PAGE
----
The PFF analysts are conditioned to stay strong, though, and watch what happens on the field, rather than getting distracted by the zebras, so those poor performances haven’t escaped us.
It’s name and shame time.
Quarterback: Josh Freeman, TB (-3.3)
After two impressive performances it was like the 2011 Freeman showed up. Three drops and two throwaways didn’t help his 35.7% completion percentage, but you can’t excuse the sheer number of over and under throws. He needs to be better than that.
Running Back: Toby Gerhart, MIN (-3.6)
Lost in the official giving the 49ers an extra timeout was the fact that Gerhart fumbled the ball away three times in five carries. That’s astonishingly bad, in case you were wondering.
Full Back: Erik Lorog, TB (-1.7)
He wasn’t on the field much, but Lorig failed to distinguish himself. Getting beaten and watching your man get a tackle for a short gain — as happened to him twice — is not ideal for a fullback.
Tight End: Jason Witten, DAL (-3.9)
It took a fine effort to keep Brandon Pettigrew (two drops, one fumble, and a penalty) out of this team, but when you drop two balls of your own, give up a hit and sack, while picking up two penalties … well, you make us question whether it’s the injury that’s causing these problems, or something more long-term.
Wide Receivers: Anthony Amrstrong, MIA (-3.5) and Demaryius Thomas, DEN (-3.4)
Our duo of receivers have quite rightly earned the boom-or-bust tag for their performances in the past. This week they were most certainly more bust as they combined to drop five passes and pick up just 45 yards between them despite being targeted 17 times.
Tackles: D’Anthony Batiste, ARZ (-8.9) and Austin Howard, NYJ (-6.8)
The honeymoon is over for both of our tackles who know now the hard life of the NFL. Batiste was always overmatched against the Eagles’ pack of pass rushers and it showed as he gave up two sacks and a further five hurries. In Miami, Howard just couldn’t contend with the speed of Cameron Wake as he ended up giving up three quarterback hits and five hurries. Throw in a penalty each and two negatively-graded games in run blocking and you’ve got guys who could end up making repeat performances on this list.
Guards: Quinn Ojinnaka, STL (-3.9) and Mackenzy Bernadeau, DAL (-4.3)
You just don’t want your guards giving up a sack and four hurries like Ojinnaka did on Sunday, especially when your QB is Sam Bradford. Bernandeau gave up one fewer hurry but, with some poor run blocking, he earned the lowest grade of all guards this week.
Center: Jeff Saturday, GB (-2.6)
In giving up a sack, hit, and hurry, Saturday started to look his age. Scott Wells, you are missed.
Defensive Front 4-3
Defensive Ends: Kyle Vanden Bosch, DET (-5.3) and Robert Geathers, CIN (-5.3)
Going up against Michael Roos isn’t easy, but KVB spent most of the game swallowed up by the Titans’ tackle. His work in the run game didn’t help matters as we continue to wonder how long Jim Schwartz and his loyalty can last. Over in Cincinnati, we can’t see Geathers’ playing time picking up much as Carlos Dunlap gets healthier, especially with performances like this one.
Defensive Tackle: Tommy Kelly, OAK (-4.3) and Kendall Langford, SL (-3.1)
Our defensive tackles combined for just the one assist this week. Odd when you consider Kelly should have feasted on the Steelers’ offensive line and Langford must have been licking his chops the way the Bears have played so far.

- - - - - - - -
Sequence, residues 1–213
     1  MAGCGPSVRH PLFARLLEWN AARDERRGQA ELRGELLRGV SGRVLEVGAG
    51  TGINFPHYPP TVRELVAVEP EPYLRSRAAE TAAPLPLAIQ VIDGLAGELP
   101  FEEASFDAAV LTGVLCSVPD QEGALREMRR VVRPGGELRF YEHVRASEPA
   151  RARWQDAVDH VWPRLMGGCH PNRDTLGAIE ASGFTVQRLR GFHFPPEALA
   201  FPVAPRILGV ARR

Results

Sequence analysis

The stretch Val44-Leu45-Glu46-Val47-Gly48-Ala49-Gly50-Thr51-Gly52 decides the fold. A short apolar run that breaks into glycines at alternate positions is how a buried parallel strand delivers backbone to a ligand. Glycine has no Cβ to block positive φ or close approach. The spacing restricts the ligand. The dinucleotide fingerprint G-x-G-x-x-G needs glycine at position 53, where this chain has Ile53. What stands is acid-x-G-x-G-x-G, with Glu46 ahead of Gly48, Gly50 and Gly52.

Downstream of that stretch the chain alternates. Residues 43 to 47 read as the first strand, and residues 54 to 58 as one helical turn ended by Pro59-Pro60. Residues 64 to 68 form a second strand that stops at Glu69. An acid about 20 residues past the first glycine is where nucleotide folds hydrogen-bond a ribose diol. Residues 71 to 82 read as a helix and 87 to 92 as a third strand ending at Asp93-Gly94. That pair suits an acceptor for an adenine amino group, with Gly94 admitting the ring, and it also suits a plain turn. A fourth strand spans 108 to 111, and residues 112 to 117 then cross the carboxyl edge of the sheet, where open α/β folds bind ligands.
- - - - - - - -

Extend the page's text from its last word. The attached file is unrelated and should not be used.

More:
Linebackers: Will Witherspoon, TEN (-4.9), Rey Maualuga, CIN (-6.2) and James Anderson, CAR (-3.1)
Not a great day for Witherspoon who gave up six receptions and found life hard going when linemen got to the second level. Two missed tackles didn’t help either. James Anderson was the worst offender in a poor Carolina linebacker corp, continuing to show that his 2010 may have been the exception and not the rule. Neither man had quite as bad a day as Maualuga. He allowed all seven balls into his coverage to be complete and missed three tackles.
Defensive Front 3-4
Defensive Line: Darnell Dockett, ARZ (-4.0), Cam Thomas, SD (-1.9) and Kendall Reyes, SD (-3.0)
In the middle, if Thomas wants to push for more playing time, he needs to do more than he did against the Falcons. Dockett continues to baffle. He was so good in Week 1, disappeared for large portions of Week 2, and was quiet as a mouse in Week 3. I may have jumped the gun on Reyes after his impressive Week 1. He got more playing time against the Falcons, but failed to make a positive impression on the stat sheet; his only contribution: a missed tackle.
Outside Linebackers: Connor Barwin, HST (-6.1) and Calvin Pace, NYJ (-3.5)
That was the kind of performance from Barwin that will impact his agent when he sits down to negotiate his new deal. Pace, normally a fine run defender, didn’t even have that going for him against Miami, and probably would have expected to have some more joy against Jonathan Martin.
Inside Linebackers: Kavell Conner, IND (-4.0) and D.J. Smith, GB (-3.7)
We’ve seen both men play better with Conner losing his individual battles with Jacksonville’s fullbacks. Meanwhile, in Seattle it seemed at times as if the Seahawks’ linemen had a bullseye on Smith, such was the speed with which they found their way to him at the second level.
Cornerbacks: Cary Williams, BLT (-4.6) and Michael Huff, OAK (-3.1)
We wouldn’t suggest the Michael Huff-to-cornerback move is made permanent after watching him struggle against the Steelers. Williams wasn’t playing out of position, though he did find himself out of position a number of times as the tricky Brandon Lloyd made life hard for him.
Safeties: Charles Godfrey, CAR (-4.2) and Erik Coleman, DET (-2.5)
Both of our starting safeties gave up a touchdown, and did so in a manner that left you smacking your head on the table. For Coleman we’ve seen better, but it’s sad to say it’s what we’ve come to expect from Godfrey.
Follow Khaled on Twitter: @PFF_Khaled